A great read on common Outlook calendaring issue troubleshooting and data gathering has been recently published:
This is a huge article, suggesting many standard requirements from a data and informational perspective. As I reviewed the article, I saw a couple of points I would suggest changing or ammending:
“A missing or corrupted meeting often cannot be recovered. You might try to delete and re-create the meeting”
Deleting a meeting is a tough step for many users to take. Before deletion, you may want to try to:
– Back the meeting up, via either exporting the meeting using drag and drop to your desktop, or by using a low level editor like MFCMAPI (www.codeplex.com/MFCMAPI) or Outlook Spy (www.dimastr.com). Note that neither of these are Microsoft supported products (you can’t get hot fixes from Microsoft for them), but the authors of each do take feature/fix requests.
– Put an end date on a corrupt meeting item instead of deletion. This way you can get to any attachments you have made to the meeting using the aforemention MAPI editors. Create a new meeting with the starting point where you ended the old meeting.
“Without all the data requested, the support engineer will not be able to definitively determine why there is a problem with the meeting item.
Even with all the data requested, we may not be able to find a root cause of what in the meeting is corrupt. Outlook doesn’t have any kind of back-end database that keeps a record of changes or other referential mechanisim Once a property is stamped with a value, it is stamped. Period. While Outlook logging, Exchange logging, or third-party logging MAY catch the bad property being stamped, none of these solutions monitor EVERY property of every calendar item that gets stamped. Even on a simple meeting with a subject, body and no recurrences, attachments or other attendees, there are about 80 to 90 properties:
There are other requirements in the article for things like Exchange Store tracing, third-party tracing and Outlook tracing (Tools > Options > Other > Advanced > Check the box for Outlook logging and restart), and process monitor as well! Each of these data collection pieces use lots of resources, so you will need to do a couple of things as an administrator:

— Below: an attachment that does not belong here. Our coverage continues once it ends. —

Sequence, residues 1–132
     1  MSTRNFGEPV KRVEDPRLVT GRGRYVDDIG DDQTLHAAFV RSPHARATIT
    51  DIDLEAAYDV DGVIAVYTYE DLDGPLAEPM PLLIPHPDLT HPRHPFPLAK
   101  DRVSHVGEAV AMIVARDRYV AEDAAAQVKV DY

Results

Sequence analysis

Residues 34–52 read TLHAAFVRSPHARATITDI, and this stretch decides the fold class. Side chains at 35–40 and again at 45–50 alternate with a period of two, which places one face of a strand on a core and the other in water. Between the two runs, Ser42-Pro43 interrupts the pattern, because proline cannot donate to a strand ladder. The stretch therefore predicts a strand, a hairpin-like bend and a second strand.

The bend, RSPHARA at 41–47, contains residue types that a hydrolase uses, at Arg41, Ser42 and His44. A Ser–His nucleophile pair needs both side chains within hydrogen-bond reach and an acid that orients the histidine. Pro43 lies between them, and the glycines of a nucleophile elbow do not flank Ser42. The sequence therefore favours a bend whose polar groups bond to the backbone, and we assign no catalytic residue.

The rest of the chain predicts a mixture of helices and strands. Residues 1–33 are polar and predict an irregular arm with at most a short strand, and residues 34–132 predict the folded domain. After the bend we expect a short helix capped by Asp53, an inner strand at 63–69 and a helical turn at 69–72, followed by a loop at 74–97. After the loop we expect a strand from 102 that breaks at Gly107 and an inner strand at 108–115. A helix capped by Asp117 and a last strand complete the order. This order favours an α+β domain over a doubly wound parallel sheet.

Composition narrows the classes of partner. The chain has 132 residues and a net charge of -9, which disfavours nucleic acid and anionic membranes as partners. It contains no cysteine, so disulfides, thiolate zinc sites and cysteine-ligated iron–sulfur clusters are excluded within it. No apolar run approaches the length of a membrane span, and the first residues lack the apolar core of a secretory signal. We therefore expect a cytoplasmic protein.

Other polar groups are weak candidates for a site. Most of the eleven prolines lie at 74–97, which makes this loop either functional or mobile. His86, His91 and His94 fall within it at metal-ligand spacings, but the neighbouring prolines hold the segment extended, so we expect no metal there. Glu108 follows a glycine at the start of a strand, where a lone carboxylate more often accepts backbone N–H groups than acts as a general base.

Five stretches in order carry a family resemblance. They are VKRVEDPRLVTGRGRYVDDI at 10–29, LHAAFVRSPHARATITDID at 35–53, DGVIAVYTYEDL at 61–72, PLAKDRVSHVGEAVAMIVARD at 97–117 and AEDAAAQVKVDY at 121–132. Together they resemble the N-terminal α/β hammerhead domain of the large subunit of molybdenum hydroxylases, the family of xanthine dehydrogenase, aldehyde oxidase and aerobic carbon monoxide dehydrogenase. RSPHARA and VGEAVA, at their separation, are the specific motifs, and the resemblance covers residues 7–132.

– Use the logging steps in a test enviornment before putting them on a prodcution machine. Perf by some of these tools can push a given box over the edge, so don’t be that guy that doesn’t test!!!
– Make sure that you have a feeling for how much disk space the logs are consuming per unit of time. If for example, you are engaging Outlook logging on a client machine with an 80 GB drive, and 20 gigs of that is free when you start testing, run the test for 10 minutes. Figure out how much disk you are filling per hour! Say you collected 1 gig of data in 10 minutes. You do the math and figure out that this is 6 GB per hour consumed by the logging. This means you can log safely for three hours before needing to pull the logs off the machine. You can perform the move manually, or script it, but you don’t want to fill up that drive in hour four by not moving the data out!!!! If you let this happen, you have a bigger issue than you started with!!!
Finally, realize that the resolution of any given problem may not be the one that you initially sought. Resolution may take various forms: working around the issue by taking steps to avoid it, or reseolution may be to restore a backup, or it may be a code change request, or it may be a logging of the issue internally with Microsoft for future review. Calendaring issues are complex, and they often require many hours to research, dig, prod, poke and postulate just to get to the point of “I don’t know what is causing this”. Be patient on calendar issues, and be observant. Finally, remember you are working the problem with a serious group of Microsoft Engineers who will do everything possible to get you to an acceptable resolution!
Quote for this blog: Outlook Good! – Magic Eight Ball